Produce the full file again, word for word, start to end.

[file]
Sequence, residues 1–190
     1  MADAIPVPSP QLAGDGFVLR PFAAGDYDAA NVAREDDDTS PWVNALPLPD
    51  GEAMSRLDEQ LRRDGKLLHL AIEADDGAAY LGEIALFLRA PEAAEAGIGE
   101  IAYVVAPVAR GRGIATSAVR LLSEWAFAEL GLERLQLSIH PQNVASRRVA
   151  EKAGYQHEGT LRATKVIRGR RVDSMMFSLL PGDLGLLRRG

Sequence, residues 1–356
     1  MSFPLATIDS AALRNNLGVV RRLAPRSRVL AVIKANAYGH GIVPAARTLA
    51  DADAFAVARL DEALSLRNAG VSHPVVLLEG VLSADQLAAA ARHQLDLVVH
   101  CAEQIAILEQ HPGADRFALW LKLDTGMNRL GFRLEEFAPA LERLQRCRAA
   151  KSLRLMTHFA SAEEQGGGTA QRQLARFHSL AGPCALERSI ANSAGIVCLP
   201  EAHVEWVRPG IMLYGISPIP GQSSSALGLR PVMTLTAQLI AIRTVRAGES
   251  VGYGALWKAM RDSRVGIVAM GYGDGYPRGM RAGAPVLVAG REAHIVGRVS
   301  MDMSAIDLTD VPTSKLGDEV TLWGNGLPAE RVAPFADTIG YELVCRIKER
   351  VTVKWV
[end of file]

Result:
Sequence, residues 1–190
     1  MADAIPVPSP QLAGDGFVLR PFAAGDYDAA NVAREDDDTS PWVNALPLPD
    51  GEAMSRLDEQ LRRDGKLLHL AIEADDGAAY LGEIALFLRA PEAAEAGIGE
   101  IAYVVAPVAR GRGIATSAVR LLSEWAFAEL GLERLQLSIH PQNVASRRVA
   151  EKAGYQHEGT LRATKVIRGR RVDSMMFSLL PGDLGLLRRG

Sequence, residues 1–356
     1  MSFPLATIDS AALRNNLGVV RRLAPRSRVL AVIKANAYGH GIVPAARTLA
    51  DADAFAVARL DEALSLRNAG VSHPVVLLEG VLSADQLAAA ARHQLDLVVH
   101  CAEQIAILEQ HPGADRFALW LKLDTGMNRL GFRLEEFAPA LERLQRCRAA
   151  KSLRLMTHFA SAEEQGGGTA QRQLARFHSL AGPCALERSI ANSAGIVCLP
   201  EAHVEWVRPG IMLYGISPIP GQSSSALGLR PVMTLTAQLI AIRTVRAGES
   251  VGYGALWKAM RDSRVGIVAM GYGDGYPRGM RAGAPVLVAG REAHIVGRVS
   301  MDMSAIDLTD VPTSKLGDEV TLWGNGLPAE RVAPFADTIG YELVCRIKER
   351  VTVKWV